Tshepo Matete not planning on changing his style of play


The former winger turned defender also dismisses the popular belief that his style of football is what turns the top PSL clubs away from him.

'Skhwama' is known for what is these days referred to as 'showboating' rather than true Mzansi diski.

"I took it as a learning curve, and I don't think... obviously if you are someone skillul people will judge you on that. But for me I don't see my football being that different, to say it doesn't take people forward or something like that.

"I create you know, I'm a creative player. If you've got skill, you have to create. It's just that at Baroka maybe I didn't have that chance you see.

"If I can get a chance as I currently do at Tuks, I will show people that... and I will not change for anyone. This is my chance to show people it was not a fluke [playing in the PSL].

"I didn't take it as failure you know. I don't want to say much about my experience at Baroka but I didn't feel like I failed. But a lot happened you know. That's why you would hear stories about Skhwama drinking... I'm not like that.

"Once I'm in football I'm happy. I didn't feel like a failure, I always told myself that I will come back even much better and stronger. You know, life challenges us in different ways. It's how we respond that is important.

"Yes, there are challenges because honestly these boys who are playing in the sides they are speedy. But the coach [Tuks coach Zipho Dlangalala] helped me a lot to play the seven games that I have played so far.

"Obviously playing at the back, whatever you do it can turn against you. But the coach is not limiting anyone, he is always encouraging me to play my own game, but cautiously.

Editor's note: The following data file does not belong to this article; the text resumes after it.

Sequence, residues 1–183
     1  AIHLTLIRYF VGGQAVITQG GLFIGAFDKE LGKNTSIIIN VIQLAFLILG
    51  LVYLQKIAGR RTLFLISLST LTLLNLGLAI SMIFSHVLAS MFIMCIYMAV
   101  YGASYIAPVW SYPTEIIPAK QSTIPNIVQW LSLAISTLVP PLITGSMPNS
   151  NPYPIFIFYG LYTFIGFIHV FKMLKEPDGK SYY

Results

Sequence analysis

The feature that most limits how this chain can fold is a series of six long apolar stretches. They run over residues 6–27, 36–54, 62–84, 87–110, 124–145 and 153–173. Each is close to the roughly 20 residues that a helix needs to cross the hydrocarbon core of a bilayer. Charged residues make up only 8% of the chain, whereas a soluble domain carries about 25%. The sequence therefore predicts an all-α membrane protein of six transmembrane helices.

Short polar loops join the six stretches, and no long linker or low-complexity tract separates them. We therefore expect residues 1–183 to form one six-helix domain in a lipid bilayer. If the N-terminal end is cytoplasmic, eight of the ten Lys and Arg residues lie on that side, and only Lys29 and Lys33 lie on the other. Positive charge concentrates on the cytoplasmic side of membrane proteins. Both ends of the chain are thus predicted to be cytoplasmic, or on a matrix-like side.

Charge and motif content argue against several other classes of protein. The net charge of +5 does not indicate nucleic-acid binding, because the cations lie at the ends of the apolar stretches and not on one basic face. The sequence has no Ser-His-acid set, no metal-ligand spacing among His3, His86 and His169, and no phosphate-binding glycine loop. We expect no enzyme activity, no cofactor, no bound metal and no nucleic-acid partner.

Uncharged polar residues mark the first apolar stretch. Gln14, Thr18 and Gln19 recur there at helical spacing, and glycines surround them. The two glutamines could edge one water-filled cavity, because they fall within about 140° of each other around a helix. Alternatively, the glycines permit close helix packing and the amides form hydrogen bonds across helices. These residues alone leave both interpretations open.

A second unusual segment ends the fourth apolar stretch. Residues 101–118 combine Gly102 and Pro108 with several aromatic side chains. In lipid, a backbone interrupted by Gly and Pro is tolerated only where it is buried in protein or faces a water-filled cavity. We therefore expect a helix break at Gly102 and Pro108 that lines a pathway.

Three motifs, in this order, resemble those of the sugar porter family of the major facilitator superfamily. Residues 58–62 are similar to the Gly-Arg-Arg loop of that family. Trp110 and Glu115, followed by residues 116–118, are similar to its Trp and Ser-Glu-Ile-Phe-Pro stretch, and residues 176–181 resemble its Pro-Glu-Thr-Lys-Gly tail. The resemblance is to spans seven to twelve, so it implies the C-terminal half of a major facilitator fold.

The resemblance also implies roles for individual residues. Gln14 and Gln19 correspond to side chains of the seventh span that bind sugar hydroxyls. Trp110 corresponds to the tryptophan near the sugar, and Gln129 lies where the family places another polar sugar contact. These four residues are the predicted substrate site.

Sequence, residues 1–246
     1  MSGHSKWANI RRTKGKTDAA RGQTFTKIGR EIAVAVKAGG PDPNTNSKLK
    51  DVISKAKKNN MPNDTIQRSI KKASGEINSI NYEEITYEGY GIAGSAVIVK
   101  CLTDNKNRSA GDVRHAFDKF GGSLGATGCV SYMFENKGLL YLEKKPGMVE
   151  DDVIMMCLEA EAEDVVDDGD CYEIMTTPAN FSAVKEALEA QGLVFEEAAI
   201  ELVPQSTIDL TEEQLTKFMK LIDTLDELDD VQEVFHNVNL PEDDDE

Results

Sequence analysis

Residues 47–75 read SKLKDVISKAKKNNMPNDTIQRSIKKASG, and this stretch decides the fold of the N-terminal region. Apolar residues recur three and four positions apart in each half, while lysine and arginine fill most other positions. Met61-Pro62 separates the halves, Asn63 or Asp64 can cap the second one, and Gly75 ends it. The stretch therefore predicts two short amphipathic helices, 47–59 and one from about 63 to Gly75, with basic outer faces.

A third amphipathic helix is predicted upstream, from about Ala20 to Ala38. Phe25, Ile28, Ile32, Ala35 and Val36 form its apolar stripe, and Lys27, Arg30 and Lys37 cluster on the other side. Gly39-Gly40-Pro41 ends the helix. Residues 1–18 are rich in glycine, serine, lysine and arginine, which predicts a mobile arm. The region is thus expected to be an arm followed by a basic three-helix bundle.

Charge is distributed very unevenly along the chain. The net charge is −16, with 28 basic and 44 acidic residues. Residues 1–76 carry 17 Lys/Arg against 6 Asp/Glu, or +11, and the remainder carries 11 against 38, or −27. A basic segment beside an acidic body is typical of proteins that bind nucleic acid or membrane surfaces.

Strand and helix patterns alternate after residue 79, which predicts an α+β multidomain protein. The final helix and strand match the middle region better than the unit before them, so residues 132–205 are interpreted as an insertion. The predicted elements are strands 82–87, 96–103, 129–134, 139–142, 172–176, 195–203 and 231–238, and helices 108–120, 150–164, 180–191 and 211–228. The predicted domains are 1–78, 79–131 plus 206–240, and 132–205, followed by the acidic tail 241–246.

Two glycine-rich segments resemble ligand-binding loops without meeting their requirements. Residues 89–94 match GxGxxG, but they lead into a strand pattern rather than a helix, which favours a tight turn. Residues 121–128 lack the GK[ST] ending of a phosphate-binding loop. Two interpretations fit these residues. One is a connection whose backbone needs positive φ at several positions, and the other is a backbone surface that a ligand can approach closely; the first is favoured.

"I won't say playing left-back limits me, but because this position is still new to me, at times I find myself limiting myself."

Matete, who last season played for Botswana Premier League giants Township Rollers, says he hopes to win promotion with University of Pretoria to fulfill his dream of playing Absa Premiership football again.

"I went there [to Botswana] for a season. When everything came to an end I decided to come back. I stayed without playing for almost a year. I think I spent a season without a team you see," he explains.

"Then AmaTuks came. I have signed a six- month contract due to them exhausting their budget. Obviously it's every player's dream, my life in the PSL was short-lived. Life challenged me the way it did.

"I would like to gain promotion with AmaTuks. To be honest the comfort I get from the coach, it's not every coach who can allow you to do certain things. I do want to go back to the PSL but at the moment I'm just concentrating on helping AmaTuks."